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Samuel Beckett and Theatre of the Absurd
Transcript of Samuel Beckett and Theatre of the Absurd
- disjointed, repetitious and meaningless dialogue
- purposeless and confusing situations
- plots that lack realistic or logical development
- broad comedy (tragicomedy, gallows humor, and black comedy) They give birth astride of a grave, the light gleams an instant, then it's night once more. - Samuel Beckett Food for thought... "Let's go." "We can't." "Why not?" "We're waiting for Godot."
- Samuel Beckett Waiting for Godot The name was given to a group of playwrights in the 1950s by the critic and scholar, Martin Esslin. This style of theatre can be loosely linked with the philosophy of existentialism. The term "absurd" first appeared in an essay by French philosopher, Albert Camus. But who are these "absurdist" playwrights? Samuel Barclay Beckett was born on April 13, 1906 in Foxrock, Dublin, Ireland to a quantity surveyor and his wife.
He had one older brother, Frank Edward Beckett, born in 1902. Beckett then studied French, Italian and English at Trinity College in Dublin, receiving his BA in 1927.
In 1928, he took up the post lecteur d'anglais at the Ecole Normale Superieure in Paris. During his stay, he was introduced to James Joyce. Beckett joined the French Resistance after the German occupation in 1940.
On several occasions he was almost caught by the Gestapo.
He was awarded Croix de guerre and the Medaille de la Resistance. In 1945, during a visit to Ireland, Beckett had a revelation. While sitting in his mother's room, his entire future direction in literature appeared to him.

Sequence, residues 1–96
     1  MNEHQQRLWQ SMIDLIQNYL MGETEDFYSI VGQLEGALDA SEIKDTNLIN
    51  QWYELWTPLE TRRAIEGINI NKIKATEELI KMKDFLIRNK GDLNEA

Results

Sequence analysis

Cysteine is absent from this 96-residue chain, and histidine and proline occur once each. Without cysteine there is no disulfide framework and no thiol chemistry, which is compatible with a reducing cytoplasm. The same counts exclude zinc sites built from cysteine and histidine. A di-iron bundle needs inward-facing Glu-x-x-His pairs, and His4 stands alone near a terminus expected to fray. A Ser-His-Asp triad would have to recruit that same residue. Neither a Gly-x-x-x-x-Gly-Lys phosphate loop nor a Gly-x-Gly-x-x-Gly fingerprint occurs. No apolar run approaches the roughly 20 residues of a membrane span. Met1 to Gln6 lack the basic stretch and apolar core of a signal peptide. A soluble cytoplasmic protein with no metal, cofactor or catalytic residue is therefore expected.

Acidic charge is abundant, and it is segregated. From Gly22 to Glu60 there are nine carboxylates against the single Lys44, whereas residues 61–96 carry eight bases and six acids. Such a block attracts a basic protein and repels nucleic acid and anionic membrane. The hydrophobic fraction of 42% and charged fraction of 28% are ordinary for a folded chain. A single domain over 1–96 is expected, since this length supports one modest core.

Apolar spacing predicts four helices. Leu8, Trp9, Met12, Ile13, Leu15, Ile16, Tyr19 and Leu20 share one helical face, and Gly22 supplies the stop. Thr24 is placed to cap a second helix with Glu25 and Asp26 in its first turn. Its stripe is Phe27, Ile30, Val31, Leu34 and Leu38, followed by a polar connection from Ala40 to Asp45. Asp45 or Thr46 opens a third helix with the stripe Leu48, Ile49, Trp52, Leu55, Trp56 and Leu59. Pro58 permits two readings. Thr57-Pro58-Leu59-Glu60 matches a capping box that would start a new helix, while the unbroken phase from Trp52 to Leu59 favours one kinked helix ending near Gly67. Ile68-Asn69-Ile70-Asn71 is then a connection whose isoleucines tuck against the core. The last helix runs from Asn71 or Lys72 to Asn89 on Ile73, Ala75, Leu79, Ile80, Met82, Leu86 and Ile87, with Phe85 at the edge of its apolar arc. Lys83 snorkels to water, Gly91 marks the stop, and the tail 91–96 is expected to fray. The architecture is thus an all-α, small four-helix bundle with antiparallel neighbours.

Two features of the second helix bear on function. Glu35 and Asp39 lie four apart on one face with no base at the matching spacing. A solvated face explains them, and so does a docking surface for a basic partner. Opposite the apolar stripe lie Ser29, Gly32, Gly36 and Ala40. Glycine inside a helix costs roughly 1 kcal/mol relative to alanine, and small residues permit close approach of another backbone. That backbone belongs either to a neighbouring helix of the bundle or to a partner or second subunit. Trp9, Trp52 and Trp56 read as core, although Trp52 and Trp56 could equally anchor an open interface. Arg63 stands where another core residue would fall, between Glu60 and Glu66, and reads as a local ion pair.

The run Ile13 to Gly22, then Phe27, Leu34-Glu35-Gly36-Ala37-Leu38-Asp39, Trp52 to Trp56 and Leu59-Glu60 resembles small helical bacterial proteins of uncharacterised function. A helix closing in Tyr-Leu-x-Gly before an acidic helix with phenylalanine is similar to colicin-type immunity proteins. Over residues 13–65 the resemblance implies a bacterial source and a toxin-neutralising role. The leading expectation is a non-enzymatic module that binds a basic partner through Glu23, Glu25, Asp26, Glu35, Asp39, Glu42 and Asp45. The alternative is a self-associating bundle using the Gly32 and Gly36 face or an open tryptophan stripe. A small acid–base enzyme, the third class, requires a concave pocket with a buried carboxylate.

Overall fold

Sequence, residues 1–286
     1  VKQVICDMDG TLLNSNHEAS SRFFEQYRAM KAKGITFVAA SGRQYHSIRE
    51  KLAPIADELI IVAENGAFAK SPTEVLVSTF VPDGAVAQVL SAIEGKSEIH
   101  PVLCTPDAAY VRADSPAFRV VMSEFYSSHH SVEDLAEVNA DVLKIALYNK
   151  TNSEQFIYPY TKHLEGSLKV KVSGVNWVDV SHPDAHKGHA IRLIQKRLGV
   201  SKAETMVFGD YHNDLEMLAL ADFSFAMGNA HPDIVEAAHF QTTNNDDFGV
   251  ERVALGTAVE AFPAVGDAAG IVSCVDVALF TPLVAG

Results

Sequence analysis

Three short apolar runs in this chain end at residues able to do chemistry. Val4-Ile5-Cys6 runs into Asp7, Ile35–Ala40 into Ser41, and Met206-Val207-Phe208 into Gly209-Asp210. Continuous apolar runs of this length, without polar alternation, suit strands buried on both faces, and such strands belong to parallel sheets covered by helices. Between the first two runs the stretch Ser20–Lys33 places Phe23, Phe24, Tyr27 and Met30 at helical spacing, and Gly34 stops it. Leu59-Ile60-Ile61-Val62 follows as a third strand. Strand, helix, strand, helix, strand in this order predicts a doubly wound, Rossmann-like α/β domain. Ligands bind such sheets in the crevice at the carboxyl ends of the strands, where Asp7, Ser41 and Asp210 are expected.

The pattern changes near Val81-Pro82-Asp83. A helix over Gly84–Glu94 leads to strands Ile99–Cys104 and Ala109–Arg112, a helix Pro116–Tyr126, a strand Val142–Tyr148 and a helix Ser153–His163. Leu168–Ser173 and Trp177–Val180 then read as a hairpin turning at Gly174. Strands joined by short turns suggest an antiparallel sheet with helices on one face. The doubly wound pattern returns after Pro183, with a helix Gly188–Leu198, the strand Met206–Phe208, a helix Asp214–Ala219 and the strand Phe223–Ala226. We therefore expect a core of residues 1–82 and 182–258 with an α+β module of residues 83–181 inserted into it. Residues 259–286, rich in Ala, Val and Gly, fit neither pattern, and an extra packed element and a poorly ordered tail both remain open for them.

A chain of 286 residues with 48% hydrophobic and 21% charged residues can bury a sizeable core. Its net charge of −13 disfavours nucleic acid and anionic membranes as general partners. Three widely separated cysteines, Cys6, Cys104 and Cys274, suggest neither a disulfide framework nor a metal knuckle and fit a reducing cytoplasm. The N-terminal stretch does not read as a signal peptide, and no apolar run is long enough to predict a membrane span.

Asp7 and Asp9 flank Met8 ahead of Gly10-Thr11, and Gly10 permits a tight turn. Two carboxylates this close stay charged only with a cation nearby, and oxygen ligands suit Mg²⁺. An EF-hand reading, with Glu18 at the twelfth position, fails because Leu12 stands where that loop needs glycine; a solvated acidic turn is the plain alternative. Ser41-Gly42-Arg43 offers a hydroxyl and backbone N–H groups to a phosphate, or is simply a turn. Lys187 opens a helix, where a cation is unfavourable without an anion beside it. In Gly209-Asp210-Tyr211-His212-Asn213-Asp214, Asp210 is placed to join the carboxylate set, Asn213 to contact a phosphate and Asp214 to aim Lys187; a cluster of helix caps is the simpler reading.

And thus begun the odd, inspiring and innovative career of Samuel Beckett. On January 5th 1953, Becketts most well known work, Waiting for Godot premiered in Theatre de Babylone in Paris. -First play that Samuel Beckett ever wrote.
Within the play, there are two main characters:
Vladimir and Estragon. They wait endlessly and in vain for the arrival of someone named Godot, but he never appears.
-The play exemplifies the foolishness man goes through expecting something that won't ever actually happen.
-The identity of Godot is of much debate. It is certain that it isn't a symbol of God. Critic Vivian Mercier wrote that Beckett "has achieved a theoretical impossibility—a play in which nothing happens, that yet keeps audiences glued to their seats. What's more, since the second act is a subtly different reprise of the first, he has written a play in which nothing happens, twice." Samuel Beckett was awarded the Nobel Peace Prize in literature for, in the words of the Academy's citation, "his writing, which --- in new forms for the novel and drama -- in the destitution of modern man acquires its elevation." Samuel Beckett died of respiratory problems in a Paris hospital on December 22, 1989 at the age of 83.
He his buried alongside his wife, Suzanne in the Cimetiere du Montparnasse in Paris. AND LET'S GET ABSURD! Here is a fun, insightful and "absurd" theatre exercise.